Laparoscopic gastric banding in morbidly obese adolescents

Obes Surg. 2003 Feb;13(1):101-4. doi: 10.1381/096089203321136674.


Background: 4% of adolescents in the U.S.A. are obese, 80% of whom will become obese adults. Obesity in adolescence is associated with increased mortality and morbidity in adulthood. Is laparoscopic adjustable silicone gastric banding a safe and effective method of weight loss in morbidly obese adolescents?

Methods: Since 1996, data has been prospectively collected on all patients undergoing laparoscopic adjustable gastric banding (LAGB) by a single surgeon. Patients are reviewed at 6 and 12 weeks following surgery, then at 3 monthly intervals. Weight loss is measured in absolute terms, reduction in body mass index (BMI) and as percentage of excess weight loss.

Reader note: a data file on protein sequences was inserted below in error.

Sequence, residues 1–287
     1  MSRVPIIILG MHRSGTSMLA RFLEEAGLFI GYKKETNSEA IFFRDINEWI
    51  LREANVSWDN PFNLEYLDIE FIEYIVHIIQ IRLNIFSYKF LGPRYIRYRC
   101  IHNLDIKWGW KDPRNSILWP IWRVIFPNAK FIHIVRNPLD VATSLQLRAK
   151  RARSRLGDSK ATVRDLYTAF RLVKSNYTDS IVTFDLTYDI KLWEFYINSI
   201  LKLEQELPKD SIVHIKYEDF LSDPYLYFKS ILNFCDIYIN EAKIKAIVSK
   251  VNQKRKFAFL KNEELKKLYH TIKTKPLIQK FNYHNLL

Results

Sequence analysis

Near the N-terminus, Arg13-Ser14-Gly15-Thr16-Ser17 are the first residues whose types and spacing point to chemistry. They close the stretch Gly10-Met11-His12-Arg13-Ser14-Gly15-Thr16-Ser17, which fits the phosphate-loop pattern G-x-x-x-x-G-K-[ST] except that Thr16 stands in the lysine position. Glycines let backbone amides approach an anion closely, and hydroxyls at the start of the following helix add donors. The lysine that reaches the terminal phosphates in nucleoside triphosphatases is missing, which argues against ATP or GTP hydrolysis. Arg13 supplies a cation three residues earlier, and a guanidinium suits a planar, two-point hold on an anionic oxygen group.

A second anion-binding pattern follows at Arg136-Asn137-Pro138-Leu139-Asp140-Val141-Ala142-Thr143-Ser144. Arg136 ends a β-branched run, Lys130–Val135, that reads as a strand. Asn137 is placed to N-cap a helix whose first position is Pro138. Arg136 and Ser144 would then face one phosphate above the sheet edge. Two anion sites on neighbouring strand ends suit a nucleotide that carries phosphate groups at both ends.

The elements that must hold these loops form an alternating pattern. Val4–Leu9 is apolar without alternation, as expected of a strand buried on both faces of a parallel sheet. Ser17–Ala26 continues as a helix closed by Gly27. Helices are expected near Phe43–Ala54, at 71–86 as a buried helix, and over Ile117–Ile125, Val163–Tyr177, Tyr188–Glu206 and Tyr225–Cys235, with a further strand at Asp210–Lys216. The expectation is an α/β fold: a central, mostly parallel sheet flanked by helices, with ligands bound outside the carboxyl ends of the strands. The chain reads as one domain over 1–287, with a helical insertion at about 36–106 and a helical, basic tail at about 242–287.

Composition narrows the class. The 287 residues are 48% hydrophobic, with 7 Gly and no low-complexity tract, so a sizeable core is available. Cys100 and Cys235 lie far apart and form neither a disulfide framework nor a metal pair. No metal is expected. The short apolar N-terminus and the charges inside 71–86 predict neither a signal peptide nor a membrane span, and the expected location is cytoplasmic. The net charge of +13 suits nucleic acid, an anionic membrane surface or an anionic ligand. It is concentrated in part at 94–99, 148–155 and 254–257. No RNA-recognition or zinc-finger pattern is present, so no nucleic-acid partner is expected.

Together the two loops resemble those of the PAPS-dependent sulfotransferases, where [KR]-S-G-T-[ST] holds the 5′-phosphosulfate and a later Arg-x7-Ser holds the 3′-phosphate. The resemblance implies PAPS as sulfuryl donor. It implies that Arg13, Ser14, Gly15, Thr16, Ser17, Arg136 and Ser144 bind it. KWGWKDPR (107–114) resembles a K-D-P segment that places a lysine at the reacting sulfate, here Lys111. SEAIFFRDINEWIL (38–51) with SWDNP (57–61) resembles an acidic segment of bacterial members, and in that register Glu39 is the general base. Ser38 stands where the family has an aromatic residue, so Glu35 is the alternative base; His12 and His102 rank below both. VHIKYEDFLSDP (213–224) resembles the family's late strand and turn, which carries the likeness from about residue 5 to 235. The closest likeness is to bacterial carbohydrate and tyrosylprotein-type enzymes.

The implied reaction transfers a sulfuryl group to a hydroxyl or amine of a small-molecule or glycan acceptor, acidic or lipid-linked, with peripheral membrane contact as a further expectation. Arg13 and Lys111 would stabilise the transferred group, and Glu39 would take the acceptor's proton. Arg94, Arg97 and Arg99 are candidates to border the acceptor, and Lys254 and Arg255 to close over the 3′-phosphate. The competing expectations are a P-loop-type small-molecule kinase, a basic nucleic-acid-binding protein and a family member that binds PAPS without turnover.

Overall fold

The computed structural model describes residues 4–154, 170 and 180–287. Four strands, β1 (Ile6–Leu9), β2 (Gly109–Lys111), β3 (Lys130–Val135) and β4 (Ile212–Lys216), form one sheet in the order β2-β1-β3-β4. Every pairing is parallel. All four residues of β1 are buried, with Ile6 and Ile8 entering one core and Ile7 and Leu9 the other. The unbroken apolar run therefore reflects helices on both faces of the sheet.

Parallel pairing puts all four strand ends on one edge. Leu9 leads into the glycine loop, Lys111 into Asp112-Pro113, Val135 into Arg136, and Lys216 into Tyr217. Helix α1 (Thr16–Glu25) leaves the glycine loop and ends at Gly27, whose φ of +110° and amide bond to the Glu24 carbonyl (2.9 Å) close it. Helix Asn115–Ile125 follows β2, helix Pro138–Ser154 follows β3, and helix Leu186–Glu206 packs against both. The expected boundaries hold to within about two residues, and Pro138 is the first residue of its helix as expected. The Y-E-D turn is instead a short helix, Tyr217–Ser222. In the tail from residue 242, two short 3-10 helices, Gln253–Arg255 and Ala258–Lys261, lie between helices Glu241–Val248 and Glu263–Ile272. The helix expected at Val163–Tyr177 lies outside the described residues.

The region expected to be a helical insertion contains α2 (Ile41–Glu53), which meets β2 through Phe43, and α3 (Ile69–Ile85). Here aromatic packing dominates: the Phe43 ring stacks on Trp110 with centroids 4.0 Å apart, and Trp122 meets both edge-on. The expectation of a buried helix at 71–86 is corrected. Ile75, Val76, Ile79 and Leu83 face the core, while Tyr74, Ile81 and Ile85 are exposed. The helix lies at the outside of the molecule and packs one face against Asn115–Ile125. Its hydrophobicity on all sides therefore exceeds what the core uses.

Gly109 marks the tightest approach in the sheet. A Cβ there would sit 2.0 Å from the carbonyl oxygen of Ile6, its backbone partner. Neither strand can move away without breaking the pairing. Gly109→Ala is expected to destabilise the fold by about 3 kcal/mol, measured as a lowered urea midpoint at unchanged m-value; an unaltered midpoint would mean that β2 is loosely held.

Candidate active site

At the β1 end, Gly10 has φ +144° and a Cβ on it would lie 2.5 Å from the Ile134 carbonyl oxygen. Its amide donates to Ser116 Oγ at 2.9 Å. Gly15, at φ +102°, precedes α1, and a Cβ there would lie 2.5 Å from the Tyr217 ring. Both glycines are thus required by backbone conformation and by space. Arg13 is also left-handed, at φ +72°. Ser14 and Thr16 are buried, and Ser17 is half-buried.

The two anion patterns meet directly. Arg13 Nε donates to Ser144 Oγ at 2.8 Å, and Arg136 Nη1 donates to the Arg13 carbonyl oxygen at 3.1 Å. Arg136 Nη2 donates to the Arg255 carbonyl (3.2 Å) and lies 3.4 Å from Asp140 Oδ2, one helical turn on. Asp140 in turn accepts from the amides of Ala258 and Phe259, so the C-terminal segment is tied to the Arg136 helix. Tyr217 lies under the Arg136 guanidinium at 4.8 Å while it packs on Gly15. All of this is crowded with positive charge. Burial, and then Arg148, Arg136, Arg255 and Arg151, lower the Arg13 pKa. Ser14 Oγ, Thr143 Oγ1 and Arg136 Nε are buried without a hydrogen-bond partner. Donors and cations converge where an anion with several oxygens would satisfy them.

Results: 17 patients with a median age of 17 (12 to 19) years underwent LAGB. Median follow-up was 25 (12 to 46) months. 2 complications occurred, 1 slipped band and 1 leaking port. BMI fell from a preoperative median of 44.7 to 30.2 kg/m2 at 24 months following surgery, corresponding to a median loss of 35.6 kg or 59.3% of excess weight. 13 of 17 patients (76.5%) lost at least 50% of their excess weight, and 9 of 11 patients (81.8%) had a BMI < 35 kg/m2 at 24 months following surgery.

Conclusion: LAGB is a safe and effective method of weight loss in morbidly obese adolescents, at least in the medium term. Its role in preventing obesity and obesity-related disease in adulthood remains to be determined as part of our long-term study.

MeSH terms

  • Adolescent
  • Body Mass Index
  • Child
  • Female
  • Gastroplasty* / methods
  • Humans
  • Laparoscopy
  • Male
  • Obesity, Morbid / surgery
  • Pilot Projects